10. #9

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    I gutted a '61 ES-175 @five years ago. It was for sale at the market rate for a couple of PAF pickups, some hardware, and a plywood guitar-shaped container. Cost included a second plywood container for protecting the first plywood container. 10 years without a single offer of any kind. Made a huge pile of dough within five minutes of posting the parts for sale.
    Last edited by Hammertone; 09-29-2020 at 08:30 PM.

  11. #10

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    Quote Originally Posted by Hammertone
    I gutted a '61 ES-175 @five years ago. It was for sale at the market rate for a couple of PAF pickups, some hardware, and a plywood guitar-shaped container. Cost included a second plywood container. 10 years without a single offer of any kind. Made a huge pile of dough within five minutes of posting the parts for sale.
    Can't argue with that. Curious how much you made from parting it out? Twice what you had listed it for previously? Or more?

  12. #11

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    Quote Originally Posted by Doctor Jeff
    Can't argue with that. Curious how much you made from parting it out? Twice what you had listed it for previously? Or more?
    I made exactly the same price as if someone had purchased it complete. The point is that selling a jazz box with PAFs to anyone other than an affluent collector is a waste of time. PAFs make virtually no difference to the sound of a hollow archtop jazz guitar played clean. And most Gibson collectors could give a damn about stupid old jazz guitars - they want PAF-equipped ES-3x5, Les Paul and SG guitars. And most jazz players are too poor to afford these guitars, and are often ignorant about the value of the pickups in them.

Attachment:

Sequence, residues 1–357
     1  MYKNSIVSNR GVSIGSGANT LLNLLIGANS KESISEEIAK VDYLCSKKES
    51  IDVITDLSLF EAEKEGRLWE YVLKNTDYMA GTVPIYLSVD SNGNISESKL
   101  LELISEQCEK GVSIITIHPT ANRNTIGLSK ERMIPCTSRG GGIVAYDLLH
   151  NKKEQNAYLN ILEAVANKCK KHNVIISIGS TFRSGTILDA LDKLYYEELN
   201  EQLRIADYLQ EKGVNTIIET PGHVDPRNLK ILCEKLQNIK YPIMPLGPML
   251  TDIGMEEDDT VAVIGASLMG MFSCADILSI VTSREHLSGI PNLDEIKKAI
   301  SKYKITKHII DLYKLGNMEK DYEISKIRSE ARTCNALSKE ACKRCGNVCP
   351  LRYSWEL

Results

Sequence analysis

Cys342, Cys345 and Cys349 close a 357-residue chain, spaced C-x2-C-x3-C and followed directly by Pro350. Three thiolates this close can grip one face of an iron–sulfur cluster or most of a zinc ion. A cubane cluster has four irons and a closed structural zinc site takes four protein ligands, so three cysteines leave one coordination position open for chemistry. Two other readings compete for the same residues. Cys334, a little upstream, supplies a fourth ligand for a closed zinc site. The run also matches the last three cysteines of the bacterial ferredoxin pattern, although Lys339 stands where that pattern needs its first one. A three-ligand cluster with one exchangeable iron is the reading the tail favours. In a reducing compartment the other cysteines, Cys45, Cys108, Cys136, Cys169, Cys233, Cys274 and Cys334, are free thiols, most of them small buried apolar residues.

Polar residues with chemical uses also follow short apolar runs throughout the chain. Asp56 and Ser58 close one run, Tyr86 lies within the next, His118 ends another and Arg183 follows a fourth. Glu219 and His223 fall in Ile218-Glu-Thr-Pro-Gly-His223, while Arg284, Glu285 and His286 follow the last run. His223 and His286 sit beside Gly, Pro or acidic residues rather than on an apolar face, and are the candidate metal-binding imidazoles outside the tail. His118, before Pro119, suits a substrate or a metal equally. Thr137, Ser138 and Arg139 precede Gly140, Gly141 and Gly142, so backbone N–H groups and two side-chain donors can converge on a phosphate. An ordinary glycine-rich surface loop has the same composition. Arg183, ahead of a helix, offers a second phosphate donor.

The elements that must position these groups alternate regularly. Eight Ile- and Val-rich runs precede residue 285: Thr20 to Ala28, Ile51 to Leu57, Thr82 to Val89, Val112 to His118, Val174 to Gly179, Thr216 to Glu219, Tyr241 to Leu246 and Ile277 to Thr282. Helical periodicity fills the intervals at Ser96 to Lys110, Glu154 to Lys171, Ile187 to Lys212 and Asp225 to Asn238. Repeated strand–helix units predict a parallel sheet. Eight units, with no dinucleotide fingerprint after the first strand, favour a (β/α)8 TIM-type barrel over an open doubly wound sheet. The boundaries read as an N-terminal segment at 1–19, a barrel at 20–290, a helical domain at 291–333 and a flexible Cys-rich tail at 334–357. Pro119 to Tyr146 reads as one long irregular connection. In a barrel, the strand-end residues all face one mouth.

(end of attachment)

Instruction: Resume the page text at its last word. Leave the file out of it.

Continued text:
The entire wiring harness went to someone who used it in a Historic Makeover of Historic Reissue Les Paul R9. The pickup rings went to a Historic Makeover of a Historic Reissue Les Paul R7 Custom. The tailpiece was sold separately to someone who needed one to replace the broken one on his vintage ES-175. The guitar, equipped entirely with inexpensive newer parts (but with the original rubber switch ring!), went to a local player who loves it to death. I still have the Grover Futura tuners (swapped in when it was purchased new) and the original truss rod cover around here somewhere.
    Last edited by Hammertone; 10-01-2020 at 01:57 PM.

  13. #12

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    They only part out gits because someone who got a great deal on one that had likely previously been scavenged for parts... possibly even for a clone to attempt to give it some magic classic mojo.

    There are tons of great modern pickups for gits that have had their parts scavenged, and continuing the cycle by buying old parts is a guaranteed sustainable future in classic git husks. Those who hear with specs and their eyes should race cars. At least there performance increases are measurable.

  14. #13

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    Quote Originally Posted by Hammertone
    I made exactly the same price as if someone had purchased it complete. The point is that selling a jazz box with PAFs to anyone other than an affluent collector is a waste of time. PAFs make virtually no difference to the sound of a hollow archtop jazz guitar played clean. And most Gibson collectors could give a damn about stupid old jazz guitars - they want PAF-equipped ES-3x5, Les Paul and SG guitars. And most jazz players are too poor to afford these guitars, and are often ignorant about the value of the pickups in them.